Not surprisingly, appetizers are well represented on J Bar's menu, each designed to ideally complement the cocktail hour. We started with a quesadilla of flour tortillas grilled with a filling of melted cheddar and diced apple, and the calabacitas chiliquiles, both items far removed from the typical cheese crisp at most Sonoran-style restaurants. Though the quesadilla is pleasant, it lacks Janos' signature kick. Served with toasted pumpkin seeds and a handful of shredded radish and cabbage slaw, the dish could benefit from a scoop of zesty salsa or a dice of jalapeño. The apples impart a faint sweetness and hint of cinnamon, but are unable to provide the desired spice.
The calabacitas chiliquiles consist of blue corn tortillas, queso blanco and diced zucchini layered and baked in the same manner as lasagna and served with a smoky crema poblano sauce studded with kernels of sweet white corn. Unusual as far as chiliquiles go, the unbelievably delicious dish deftly balanced a multitude of flavors.
Entrees can be ordered separately or, as suggested by our waitress, as a group, which means that all ordered items will be presented on a single platter, to encourage sharing. However, as our vegetarian companion couldn't abide the thought of animal flesh encroaching upon his meal, we opted for individual plates.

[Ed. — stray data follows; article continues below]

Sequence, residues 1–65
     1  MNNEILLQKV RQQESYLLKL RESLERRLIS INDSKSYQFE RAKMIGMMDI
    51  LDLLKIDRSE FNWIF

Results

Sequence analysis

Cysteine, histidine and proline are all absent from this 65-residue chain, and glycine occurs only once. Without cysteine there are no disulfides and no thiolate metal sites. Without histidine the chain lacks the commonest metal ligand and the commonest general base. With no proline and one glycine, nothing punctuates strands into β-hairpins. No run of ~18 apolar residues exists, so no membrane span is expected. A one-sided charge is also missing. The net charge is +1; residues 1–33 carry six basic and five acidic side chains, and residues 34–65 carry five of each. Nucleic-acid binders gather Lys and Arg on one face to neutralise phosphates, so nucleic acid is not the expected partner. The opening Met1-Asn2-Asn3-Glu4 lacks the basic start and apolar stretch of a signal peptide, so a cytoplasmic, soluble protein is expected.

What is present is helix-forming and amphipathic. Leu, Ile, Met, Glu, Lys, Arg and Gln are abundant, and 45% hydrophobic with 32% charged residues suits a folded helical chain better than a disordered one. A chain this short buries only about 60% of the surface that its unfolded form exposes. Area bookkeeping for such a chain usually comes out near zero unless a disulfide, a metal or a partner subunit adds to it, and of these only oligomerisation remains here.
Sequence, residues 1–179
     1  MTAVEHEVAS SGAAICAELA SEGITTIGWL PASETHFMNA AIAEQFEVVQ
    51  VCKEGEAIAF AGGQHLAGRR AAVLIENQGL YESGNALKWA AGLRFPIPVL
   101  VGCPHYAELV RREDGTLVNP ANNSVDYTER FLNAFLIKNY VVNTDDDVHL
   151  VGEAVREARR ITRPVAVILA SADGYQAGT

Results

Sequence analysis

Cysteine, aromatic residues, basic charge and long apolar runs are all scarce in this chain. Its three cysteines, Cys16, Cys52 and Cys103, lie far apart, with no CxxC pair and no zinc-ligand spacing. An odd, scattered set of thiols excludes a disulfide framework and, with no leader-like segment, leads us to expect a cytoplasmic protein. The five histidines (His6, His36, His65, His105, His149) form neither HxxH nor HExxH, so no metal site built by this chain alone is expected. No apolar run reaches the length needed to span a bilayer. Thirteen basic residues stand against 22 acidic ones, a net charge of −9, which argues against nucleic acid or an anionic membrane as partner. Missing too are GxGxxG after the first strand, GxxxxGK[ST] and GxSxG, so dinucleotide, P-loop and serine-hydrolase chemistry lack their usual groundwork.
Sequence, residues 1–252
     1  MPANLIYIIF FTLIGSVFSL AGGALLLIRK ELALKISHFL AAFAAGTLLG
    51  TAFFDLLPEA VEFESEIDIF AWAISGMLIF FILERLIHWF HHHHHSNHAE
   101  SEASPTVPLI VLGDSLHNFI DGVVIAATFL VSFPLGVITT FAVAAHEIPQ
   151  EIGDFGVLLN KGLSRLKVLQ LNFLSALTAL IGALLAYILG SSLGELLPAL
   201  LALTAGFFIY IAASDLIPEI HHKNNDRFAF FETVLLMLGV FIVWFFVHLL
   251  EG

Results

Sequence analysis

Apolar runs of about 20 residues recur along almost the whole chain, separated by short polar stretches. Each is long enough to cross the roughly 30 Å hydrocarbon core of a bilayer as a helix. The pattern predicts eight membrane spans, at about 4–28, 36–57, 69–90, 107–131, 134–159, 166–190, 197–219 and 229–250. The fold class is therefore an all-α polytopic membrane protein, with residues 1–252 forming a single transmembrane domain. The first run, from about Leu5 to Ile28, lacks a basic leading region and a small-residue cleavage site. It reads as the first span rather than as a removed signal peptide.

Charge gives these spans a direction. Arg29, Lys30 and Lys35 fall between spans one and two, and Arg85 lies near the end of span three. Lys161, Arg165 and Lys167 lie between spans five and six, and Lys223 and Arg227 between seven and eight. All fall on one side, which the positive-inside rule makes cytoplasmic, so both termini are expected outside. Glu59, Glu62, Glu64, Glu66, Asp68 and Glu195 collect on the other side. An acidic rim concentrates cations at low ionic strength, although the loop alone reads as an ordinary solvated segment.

The evening's biggest hit was the jerked pork, a dish of succulent shredded meat steeped in a marinade of fresh orange juice, vinegar, cinnamon, allspice, chipotle peppers and a heated hint of habanero. A ruby-red chutney of fresh cranberries and additional habanero chiles adds extra pizzazz and a magnificent flourish.
Also garnering applause is the tender chicken breast delicately crusted in crispy plantain chips and served with a green curry and coconut milk sauce. While perhaps not strictly authentic, the chicken is so moist, and the flavors so lightly balanced between sweet and spicy, that I readily overlooked the culinary digression. Sides of whole beans and fluffy rice accented with mint flakes beautifully enhance the main course, as does a show-stealing chile-cilantro cole slaw.